Group of people at an AA meeting.

Should You Try The 12 Steps of AA (Alcoholics Anonymous)?

The 12 steps of AA are the core of the Alcoholics Anonymous approach to recovery from alcoholism. The program was developed by co-founders Bill Wilson and Dr. Bob Smith (who were both recovered alcoholics) with input from other members. The idea is that when an alcoholic admits that they have a problem and agrees to follow certain guidelines for living a sober life, they will eventually be able to eliminate their need for alcohol or other drugs entirely.

While developed for alcoholism, the twelve steps of alcoholics anonymous’ philosophy can be used for other addictions, and many of the principles have been adopted by other organizations. For example, Narcotics Anonymous is for those struggling with substance abuse. Read more

Man overcoming his gambling disorder by talking with a counselor.

When Do You Need Gambling Addiction Help? 7 Major Questions Answered

There’s nothing wrong with gambling every once in a while. It can be a fun, enjoyable activity when done responsibly. But, when this hobby begins to affect your overall mental health or causes you to regularly lose large amounts of money, it’s a problem.

Learn more about how to get gambling addiction help and recognize when enough is enough. Read more

Rehab center providing addiction treatment.

What Is Rehab — and Will It Lead to Addiction Recovery?

You may have heard the terms “rehab” and “detox” used interchangeably, but they are not necessarily the same. What is rehab? It refers to the entire process of rehabilitation and recovery from addiction, while detox is a step in the recovery process.

Detox, a withdrawal management program, is a step of addiction treatment for those struggling with alcohol use or drug addiction. It involves 24/7 medical care and support for a short amount of time – typically between 3 and 7 days. 

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Residential treatment facility at Meridian.

Can You Prevent Your Children From Inheriting Addiction Problems?

Addiction is a complex disease that can be difficult to overcome, and unfortunately prevention is never guaranteed. It often runs in families, and unfortunately, children of addicts are at a higher risk of developing addiction problems themselves. But does this mean that addiction is hereditary? And are there steps you can take to TRY to prevent your child from inheriting your addiction? 

Disclaimer: Addiction looks different for everyone. This article will make general statements about addiction and is not meant to diagnose or suggest treatment. If you or a loved one is struggling with addiction, contact a treatment center

*If this is an emergency, please call 9-1-1. Read more

Detox center that is providing addiction treatment programs.

What Is Addiction — and How to Get Help

What is addiction? It’s a serious condition that can affect all aspects of your life, including your relationships, work, and hobbies. It affects both the brain and behavior. When you hear the word “addiction,” you might immediately think of drug abuse and alcohol addiction. However, it doesn’t begin and end with drug addiction.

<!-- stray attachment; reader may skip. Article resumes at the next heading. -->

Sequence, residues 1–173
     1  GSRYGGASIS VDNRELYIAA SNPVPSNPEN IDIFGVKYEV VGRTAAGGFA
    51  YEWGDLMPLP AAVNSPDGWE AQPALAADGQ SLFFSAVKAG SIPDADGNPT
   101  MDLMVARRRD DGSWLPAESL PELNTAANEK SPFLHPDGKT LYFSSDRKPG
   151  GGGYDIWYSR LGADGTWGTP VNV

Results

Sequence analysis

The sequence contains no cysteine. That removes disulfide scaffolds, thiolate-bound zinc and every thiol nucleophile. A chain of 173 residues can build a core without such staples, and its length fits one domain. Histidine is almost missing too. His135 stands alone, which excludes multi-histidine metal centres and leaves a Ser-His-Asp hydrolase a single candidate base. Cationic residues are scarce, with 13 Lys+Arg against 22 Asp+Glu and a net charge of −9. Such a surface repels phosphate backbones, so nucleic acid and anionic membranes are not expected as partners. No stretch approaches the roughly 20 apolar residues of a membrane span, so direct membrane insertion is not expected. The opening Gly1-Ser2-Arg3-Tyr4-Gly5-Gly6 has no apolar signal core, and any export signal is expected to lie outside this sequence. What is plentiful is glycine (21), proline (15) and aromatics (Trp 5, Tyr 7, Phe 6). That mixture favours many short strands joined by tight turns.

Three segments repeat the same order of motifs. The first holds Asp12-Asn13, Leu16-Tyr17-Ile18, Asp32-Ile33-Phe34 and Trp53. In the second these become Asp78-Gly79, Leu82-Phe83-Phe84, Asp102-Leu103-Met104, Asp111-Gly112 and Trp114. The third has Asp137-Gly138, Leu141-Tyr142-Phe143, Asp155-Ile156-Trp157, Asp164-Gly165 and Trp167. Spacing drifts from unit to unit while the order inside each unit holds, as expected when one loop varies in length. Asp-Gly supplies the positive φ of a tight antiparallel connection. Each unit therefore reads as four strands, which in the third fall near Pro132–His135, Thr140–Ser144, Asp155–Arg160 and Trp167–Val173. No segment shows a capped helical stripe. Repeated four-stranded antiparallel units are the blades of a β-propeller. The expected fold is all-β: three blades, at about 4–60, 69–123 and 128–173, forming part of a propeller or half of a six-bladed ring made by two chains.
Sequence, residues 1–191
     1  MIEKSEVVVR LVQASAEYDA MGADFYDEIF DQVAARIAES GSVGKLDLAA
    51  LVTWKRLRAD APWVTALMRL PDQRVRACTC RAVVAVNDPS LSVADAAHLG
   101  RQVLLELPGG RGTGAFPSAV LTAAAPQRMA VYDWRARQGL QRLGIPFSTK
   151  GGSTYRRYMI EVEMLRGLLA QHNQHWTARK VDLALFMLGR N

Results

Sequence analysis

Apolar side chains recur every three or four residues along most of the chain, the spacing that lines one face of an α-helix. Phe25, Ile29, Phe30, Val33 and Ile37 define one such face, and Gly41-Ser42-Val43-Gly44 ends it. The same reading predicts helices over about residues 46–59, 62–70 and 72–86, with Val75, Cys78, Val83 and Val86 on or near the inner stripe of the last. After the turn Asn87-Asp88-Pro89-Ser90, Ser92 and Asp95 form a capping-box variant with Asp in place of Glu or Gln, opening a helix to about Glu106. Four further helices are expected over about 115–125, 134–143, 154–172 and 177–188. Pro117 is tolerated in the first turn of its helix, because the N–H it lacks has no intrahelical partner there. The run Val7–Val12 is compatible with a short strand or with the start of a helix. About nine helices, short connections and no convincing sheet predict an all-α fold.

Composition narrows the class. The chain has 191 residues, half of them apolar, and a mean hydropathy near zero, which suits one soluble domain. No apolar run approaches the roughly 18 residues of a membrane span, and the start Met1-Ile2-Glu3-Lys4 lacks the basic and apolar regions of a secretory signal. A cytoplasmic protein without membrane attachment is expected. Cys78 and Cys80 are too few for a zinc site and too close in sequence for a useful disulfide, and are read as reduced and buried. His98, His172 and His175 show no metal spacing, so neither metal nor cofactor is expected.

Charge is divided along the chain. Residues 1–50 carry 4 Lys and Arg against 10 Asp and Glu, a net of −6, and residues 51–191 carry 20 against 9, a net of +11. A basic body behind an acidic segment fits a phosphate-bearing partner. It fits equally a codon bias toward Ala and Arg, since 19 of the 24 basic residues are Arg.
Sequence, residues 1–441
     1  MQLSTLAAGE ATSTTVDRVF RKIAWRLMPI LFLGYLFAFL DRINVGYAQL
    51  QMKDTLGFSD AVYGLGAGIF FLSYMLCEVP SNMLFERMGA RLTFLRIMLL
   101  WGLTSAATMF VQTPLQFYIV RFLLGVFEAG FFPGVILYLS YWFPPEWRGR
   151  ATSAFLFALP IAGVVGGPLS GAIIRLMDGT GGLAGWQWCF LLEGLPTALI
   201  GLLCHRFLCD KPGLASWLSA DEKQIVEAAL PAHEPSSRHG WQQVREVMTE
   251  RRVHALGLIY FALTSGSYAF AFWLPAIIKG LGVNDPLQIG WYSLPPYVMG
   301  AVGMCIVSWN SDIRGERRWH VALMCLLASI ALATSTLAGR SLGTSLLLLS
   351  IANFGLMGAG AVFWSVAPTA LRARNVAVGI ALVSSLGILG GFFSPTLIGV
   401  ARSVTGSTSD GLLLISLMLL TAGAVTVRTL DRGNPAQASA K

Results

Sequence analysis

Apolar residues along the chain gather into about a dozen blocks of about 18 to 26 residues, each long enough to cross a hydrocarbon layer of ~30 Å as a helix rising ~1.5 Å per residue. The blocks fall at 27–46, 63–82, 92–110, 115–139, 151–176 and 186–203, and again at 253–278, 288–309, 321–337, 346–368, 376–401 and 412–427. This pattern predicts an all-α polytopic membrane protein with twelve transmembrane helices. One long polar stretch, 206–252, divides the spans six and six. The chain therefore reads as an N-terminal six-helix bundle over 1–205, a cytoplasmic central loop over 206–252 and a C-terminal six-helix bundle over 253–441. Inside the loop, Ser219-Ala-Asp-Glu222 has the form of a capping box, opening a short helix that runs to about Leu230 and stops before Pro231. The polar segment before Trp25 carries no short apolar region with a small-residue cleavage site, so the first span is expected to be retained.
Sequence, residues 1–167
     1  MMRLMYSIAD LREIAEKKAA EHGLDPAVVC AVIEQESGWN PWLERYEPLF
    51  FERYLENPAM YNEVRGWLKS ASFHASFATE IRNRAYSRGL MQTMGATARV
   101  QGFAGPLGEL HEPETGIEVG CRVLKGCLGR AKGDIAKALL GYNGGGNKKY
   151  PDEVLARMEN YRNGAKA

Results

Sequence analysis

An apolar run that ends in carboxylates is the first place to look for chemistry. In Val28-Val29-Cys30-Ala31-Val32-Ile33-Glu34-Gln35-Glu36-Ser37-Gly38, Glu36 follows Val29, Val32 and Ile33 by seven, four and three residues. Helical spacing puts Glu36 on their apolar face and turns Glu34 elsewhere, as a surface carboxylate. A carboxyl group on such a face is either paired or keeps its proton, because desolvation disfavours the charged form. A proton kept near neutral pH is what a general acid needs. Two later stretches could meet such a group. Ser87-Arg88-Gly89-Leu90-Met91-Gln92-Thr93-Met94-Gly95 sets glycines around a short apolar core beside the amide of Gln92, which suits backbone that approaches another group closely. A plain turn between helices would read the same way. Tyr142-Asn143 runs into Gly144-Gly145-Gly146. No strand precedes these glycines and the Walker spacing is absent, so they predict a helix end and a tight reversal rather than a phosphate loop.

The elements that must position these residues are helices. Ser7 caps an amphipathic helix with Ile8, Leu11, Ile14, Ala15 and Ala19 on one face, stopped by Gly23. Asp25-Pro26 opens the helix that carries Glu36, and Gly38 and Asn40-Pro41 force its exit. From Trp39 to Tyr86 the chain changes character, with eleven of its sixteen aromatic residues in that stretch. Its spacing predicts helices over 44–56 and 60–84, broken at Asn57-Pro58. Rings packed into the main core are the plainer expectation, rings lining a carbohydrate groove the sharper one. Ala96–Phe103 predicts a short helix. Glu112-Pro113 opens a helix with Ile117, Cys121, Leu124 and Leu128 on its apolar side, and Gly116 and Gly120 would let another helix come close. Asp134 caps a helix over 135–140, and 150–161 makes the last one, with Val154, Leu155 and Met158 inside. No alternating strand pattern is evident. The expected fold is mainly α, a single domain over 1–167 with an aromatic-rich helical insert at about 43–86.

Addictions come in many different forms, including alcohol, drugs, gambling, gaming, or eating disorders. It’s more than just a craving; addictions affect self-control and often have other harmful consequences.

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Label for prescription Suboxone.

What Is Suboxone? Options to Treat Opioid Use Disorder

What is Suboxone? It’s the brand name for a prescription medication that contains buprenorphine and naloxone, and it is used to treat addiction to opioid drugs or narcotic painkillers. It’s important to note that Suboxone isn’t meant for treating pain unrelated to an opioid addiction problem. Subutex, by comparison, is a similar branded product (but without naloxone in it); it’s just buprenorphine with none of the other ingredients found in Suboxone. Read more

Applicant undergoing workplace drug screening.

The Pros and Cons of Workplace Drug Testing

In today’s workplace culture, testing for drug use has become increasingly popular. Workplace drug testing comes in three forms: pre-employment drug testing, a random drug testing program, or when used to test employees if the employer has a reasonable suspicion of substance abuse

Reasonable suspicion comes in a number of forms, but often employers choose to drug test an employee if they receive credible information concerning that particular employee having a drug problem (or after a workplace accident/constant absenteeism). 

Proponents of workplace drug testing cite lowered accident and injury rates and overall positive results as the number one benefit of screening job candidates for drugs. 

While it is true that many on-the-job accidents are caused by alcohol and substance abusers, opponents argue that these injuries can actually increase when workers feel compelled to abuse drugs while at work to keep up with their non-using peers. 

Drug testing in the workplace doesn’t just help identify individuals under the influence of drugs. It can also provide proof of a worker’s commitment to a drug-free workplace and the safety of fellow employees and the public. The way in which companies implement their drug testing policies can vary, so let’s take a look at the pros and cons of drug testing from an employer’s perspective. 

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